Dr. Henderson in Africa
By David Henderson
There has been a lot of discussion on this blog lately about why there are so few doctors in America. (If you want to follow the discussion in order, see here for Garett, here for me, and here for Bryan).
My guess is that I will be unable to persuade zdc. My guess is also that zdc is an American doctor. Still, I think it’s useful to consider the range of ways doctors have practiced modern medicine at other times and in other countries. Exhibit A is my late uncle Fred, Alfred G. Henderson, Jr. He and my late aunt “Jamie,” a nurse, were medical missionaries in the Belgian Congo. Life magazine did a big story on their mission in the June 2, 1947 issue. Some excerpts from the story:
The Hendersons arrived at Monieka in November 1945, more than 4 and 1/2 years and 23,000 miles after they had set out for the Congo. En route to Africa in 1941 they were on the Zamzam, the ship which the Nazis torpedoed, as reported in LIFE (June 2, 1941). Dr. Henderson spent 2 and 1/2 years in a German prison camp before he escaped to Switzerland, where he was interned until 1944.
When he got to Monieka his first move was to paint the tiny brick hospital. Before the paint had dried he performed his first operation on a native with a strangulated hernia. Tossing a blanket over the still-wet table, he operated. Overhead mosquitoes wheeled about the gas lantern. A crowd of curious natives leaned in the windows. In one corner of the operating room stood a relative of the patient to see that no internal organs were kept by the doctor to be used for black magic. News of the patient’s recovery spread rapidly and within a few days lines of natives formed outside the hospital.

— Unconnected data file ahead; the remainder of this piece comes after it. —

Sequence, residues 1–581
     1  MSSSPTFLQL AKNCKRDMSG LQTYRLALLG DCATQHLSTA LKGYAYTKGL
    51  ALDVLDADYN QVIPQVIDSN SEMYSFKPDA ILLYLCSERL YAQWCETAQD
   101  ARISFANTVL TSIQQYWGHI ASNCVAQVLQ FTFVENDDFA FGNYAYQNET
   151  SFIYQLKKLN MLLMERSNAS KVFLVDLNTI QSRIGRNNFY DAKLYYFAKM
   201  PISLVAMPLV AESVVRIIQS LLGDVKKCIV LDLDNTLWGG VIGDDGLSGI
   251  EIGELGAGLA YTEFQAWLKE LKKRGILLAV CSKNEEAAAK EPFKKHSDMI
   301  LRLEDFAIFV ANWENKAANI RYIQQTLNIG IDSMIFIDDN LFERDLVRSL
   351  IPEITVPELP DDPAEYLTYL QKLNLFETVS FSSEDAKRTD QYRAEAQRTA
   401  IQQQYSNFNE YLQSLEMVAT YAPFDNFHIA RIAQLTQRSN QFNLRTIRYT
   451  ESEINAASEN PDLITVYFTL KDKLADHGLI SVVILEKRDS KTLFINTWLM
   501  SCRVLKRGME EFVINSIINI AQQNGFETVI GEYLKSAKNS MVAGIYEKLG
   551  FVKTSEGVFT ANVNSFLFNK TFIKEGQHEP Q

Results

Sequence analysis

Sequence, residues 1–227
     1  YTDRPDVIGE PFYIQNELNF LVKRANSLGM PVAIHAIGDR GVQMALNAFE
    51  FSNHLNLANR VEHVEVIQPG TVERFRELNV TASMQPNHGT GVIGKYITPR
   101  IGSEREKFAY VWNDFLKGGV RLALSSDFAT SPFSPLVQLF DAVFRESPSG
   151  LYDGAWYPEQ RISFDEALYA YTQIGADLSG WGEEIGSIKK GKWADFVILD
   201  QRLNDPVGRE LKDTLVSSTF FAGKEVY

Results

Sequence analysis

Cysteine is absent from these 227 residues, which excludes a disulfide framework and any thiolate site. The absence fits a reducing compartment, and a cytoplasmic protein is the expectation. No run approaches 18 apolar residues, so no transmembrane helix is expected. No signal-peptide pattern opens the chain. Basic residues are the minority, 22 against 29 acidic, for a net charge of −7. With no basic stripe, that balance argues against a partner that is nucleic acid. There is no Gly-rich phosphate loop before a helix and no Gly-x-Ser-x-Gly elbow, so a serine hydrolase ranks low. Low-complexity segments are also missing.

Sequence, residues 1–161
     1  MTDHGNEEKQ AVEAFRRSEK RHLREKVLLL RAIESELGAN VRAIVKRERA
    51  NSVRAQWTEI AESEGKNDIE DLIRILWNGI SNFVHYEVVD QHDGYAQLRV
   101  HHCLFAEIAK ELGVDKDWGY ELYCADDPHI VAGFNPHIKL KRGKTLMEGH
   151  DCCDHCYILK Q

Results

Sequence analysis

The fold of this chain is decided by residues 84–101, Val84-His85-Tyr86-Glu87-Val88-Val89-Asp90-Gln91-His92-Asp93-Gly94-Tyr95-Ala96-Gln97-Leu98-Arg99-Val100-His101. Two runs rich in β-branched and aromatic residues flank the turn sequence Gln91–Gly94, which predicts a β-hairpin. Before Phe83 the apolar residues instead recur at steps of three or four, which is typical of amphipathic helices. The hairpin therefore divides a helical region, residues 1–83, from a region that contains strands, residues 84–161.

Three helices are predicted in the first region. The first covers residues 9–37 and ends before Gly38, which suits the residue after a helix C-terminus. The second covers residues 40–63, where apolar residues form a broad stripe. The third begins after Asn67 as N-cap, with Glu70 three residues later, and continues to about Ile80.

Although Dr. Henderson sees only a small number of his potential 60,000 patients, he averages 300 outpatients a day. In a normal week he performs at least six major operations and a dozen others. He is so overworked that he has trained one of his male nurses to perform some operations. He was the first man to perform a thyroidectomy in the Congo and was besieged by 20 other thyroid patients in one week. [Italics mine.]
By the way, because this is an economics blog, it’s important to point out that he didn’t give medical care away. Here are the captions underneath two of the photos. Under a picture of my uncle with two patients:
Henderson accepts cash or copper anklets in payment for treatment of natives.
Under a picture of my uncle and aunt:
Congo clinic is held in native village by Dr. Henderson while his wife mixes medicines at table. Natives flock into villages when missionaries arrive. Dr. Henderson charges $2.73 for all abdominal operations, 68 cents for maternity cases, 11 cents for tooth extractions.